New leak suggests NSA penetrated Mideast banking networks

Remigio Civitarese
Aprile 16, 2017

An email to the NSA's press office has not been returned.

SWIFT said it regularly releases security updates and instructs client banks on how to handle known threats.

SWIFT said it had no evidence that the main SWIFT network had ever been accessed without authorization.

The Shadow Brokers released their latest and most substantial trove of documents early Friday morning. They are republished from a number of sources, and are not produced by MintPress News.

"That's information you can only get if you compromise the system", he said.

"We now have all of the tools the NSA used to compromise SWIFT (via) Cisco firewalls, Windows", Suiche said.

Since the early 1990s, interrupting the flow of money from Saudi Arabia, the United Arab Emirates, and elsewhere to al Qaeda, the Taliban, and other militant Islamic groups in Afghanistan, Pakistan and other countries has been a major objective of USA and allied intelligence agencies.

The leaked files show the NSA was allegedly targeting EastNets in Dubai, Belgium, and Egypt.

Mustafa Al-Bassam, a computer science researcher at University College London, said on Twitter that the Shadow Brokers documents show that the "NSA hacked a bunch of banks, oil and investment companies in Palestine, UAE, Kuwait, Qatar, Yemen, more".

Reuters was not able to independently verify the authenticity of the documents released by the hackers.

According to security researcher and hacker Matthew Hickey, co-founder of Hacker House, the significance of what's now publicly available, including "zero day" attacks on previously undisclosed vulnerabilities, can not be overstated: "I don't think I have ever seen so much exploits and 0day [exploits] released at one time in my entire life", he told The Intercept via Twitter DM, "and I have been involved in computer hacking and security for 20 years".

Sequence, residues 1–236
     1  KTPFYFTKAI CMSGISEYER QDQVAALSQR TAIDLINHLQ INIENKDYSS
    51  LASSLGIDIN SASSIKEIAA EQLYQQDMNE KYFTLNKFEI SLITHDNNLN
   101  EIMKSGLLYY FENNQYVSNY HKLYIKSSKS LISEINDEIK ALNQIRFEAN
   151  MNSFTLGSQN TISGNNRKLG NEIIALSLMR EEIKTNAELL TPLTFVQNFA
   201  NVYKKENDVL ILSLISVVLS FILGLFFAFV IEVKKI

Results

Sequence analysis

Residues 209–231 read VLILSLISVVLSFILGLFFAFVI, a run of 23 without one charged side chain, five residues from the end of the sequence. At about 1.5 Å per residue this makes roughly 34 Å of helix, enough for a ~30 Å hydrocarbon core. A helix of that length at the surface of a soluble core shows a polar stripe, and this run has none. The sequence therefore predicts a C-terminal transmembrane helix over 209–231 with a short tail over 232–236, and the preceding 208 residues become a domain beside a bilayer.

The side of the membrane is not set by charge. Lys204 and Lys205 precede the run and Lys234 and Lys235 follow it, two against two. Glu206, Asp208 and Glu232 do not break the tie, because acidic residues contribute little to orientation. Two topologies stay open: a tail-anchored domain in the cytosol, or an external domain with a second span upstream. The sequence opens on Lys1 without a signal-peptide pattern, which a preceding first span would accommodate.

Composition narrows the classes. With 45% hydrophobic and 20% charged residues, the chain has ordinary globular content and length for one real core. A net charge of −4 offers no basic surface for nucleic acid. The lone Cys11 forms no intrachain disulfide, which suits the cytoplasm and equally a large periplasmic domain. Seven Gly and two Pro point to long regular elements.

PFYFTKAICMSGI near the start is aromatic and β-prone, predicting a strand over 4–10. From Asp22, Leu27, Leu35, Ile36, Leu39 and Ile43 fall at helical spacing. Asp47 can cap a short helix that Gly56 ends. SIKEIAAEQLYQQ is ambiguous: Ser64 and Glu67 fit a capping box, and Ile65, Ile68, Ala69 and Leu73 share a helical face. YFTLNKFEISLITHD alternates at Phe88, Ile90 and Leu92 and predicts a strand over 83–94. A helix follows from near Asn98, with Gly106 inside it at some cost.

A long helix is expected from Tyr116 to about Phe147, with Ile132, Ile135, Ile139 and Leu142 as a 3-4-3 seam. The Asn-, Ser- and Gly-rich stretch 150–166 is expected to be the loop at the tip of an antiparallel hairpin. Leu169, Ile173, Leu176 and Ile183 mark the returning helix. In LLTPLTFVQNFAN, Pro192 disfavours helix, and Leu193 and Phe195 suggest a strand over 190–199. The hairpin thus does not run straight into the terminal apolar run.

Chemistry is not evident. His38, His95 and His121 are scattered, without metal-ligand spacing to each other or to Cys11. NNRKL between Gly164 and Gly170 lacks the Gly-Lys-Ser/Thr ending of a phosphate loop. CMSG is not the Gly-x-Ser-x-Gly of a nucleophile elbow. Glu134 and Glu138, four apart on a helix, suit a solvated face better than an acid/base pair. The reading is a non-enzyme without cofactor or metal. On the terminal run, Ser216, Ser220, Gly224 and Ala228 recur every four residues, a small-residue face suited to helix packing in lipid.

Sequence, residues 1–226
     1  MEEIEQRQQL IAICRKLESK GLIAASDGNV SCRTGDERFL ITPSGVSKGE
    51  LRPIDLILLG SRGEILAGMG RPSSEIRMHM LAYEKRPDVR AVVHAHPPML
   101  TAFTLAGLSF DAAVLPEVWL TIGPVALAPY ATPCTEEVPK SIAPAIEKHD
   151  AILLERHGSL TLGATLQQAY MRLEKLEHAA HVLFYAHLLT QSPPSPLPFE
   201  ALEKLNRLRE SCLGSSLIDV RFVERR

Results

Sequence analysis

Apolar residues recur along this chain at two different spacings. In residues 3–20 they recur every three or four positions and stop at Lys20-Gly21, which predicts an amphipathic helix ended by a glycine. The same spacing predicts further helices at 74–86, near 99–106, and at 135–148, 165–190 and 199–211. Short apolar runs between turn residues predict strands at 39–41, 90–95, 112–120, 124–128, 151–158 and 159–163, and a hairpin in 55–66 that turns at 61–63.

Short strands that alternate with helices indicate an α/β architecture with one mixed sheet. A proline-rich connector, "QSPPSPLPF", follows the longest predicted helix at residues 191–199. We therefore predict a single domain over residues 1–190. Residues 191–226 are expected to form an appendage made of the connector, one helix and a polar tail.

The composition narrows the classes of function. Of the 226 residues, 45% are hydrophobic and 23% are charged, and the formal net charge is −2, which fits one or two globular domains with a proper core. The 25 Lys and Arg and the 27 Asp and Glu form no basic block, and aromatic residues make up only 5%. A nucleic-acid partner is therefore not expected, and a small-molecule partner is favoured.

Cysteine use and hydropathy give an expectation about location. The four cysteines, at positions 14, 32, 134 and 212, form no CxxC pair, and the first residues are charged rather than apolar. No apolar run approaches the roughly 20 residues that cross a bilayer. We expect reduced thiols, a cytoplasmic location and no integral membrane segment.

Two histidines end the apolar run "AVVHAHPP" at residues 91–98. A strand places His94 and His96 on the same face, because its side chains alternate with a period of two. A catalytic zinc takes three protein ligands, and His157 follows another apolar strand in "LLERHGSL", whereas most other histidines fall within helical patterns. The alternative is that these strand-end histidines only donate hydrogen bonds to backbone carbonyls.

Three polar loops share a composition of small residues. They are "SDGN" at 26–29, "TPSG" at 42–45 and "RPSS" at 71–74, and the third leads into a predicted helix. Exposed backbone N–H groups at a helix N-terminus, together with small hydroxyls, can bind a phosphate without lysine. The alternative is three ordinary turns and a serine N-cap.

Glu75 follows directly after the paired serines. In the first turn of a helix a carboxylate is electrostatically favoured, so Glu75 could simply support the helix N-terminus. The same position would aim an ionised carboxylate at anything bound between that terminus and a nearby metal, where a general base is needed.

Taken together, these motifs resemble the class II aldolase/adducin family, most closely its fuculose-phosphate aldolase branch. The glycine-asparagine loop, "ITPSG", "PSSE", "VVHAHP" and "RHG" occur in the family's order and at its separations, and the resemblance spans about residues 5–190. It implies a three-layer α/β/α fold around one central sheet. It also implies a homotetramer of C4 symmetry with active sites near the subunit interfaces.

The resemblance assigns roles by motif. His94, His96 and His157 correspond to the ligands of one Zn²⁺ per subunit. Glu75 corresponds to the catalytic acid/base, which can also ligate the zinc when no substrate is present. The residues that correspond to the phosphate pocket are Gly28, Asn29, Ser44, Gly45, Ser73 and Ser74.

Matt Suiche, founder of cybersecurity firm Comae Technologies, wrote in a blog post that screen shots indicated some SWIFT affiliates were using Windows servers that were vulnerable at the time, in 2013, to the Microsoft exploits published by the Shadow Brokers.

Numerous Windows hacking tools are also among the new batch of files the Shadow Brokers dumped Friday. The Intercept matched a unique tracking code in one of the document dumps to a previously unreleased document from Edward Snowden's NSA leaks, providing credibility for the Shadow Brokers wares. This suggests the document dump could be a retaliation by Russian Federation (if the Shadow Brokers are indeed a front for Russia) to recent USA military actions.

Back in August the group released a bunch of hacking tools and on Friday it released another bunch of "really fantastic stuff" according to Nicholas Weaver, a computer security researcher at the International Computer Science Institute in Berkeley on the blog Lawfair.

That may indicate that the documents, if they are authentic, are older.

In response to a question about how the company is addressing, the issue a Microsoft spokesperson said, "We are reviewing the report and will take the necessary actions to protect our customers".

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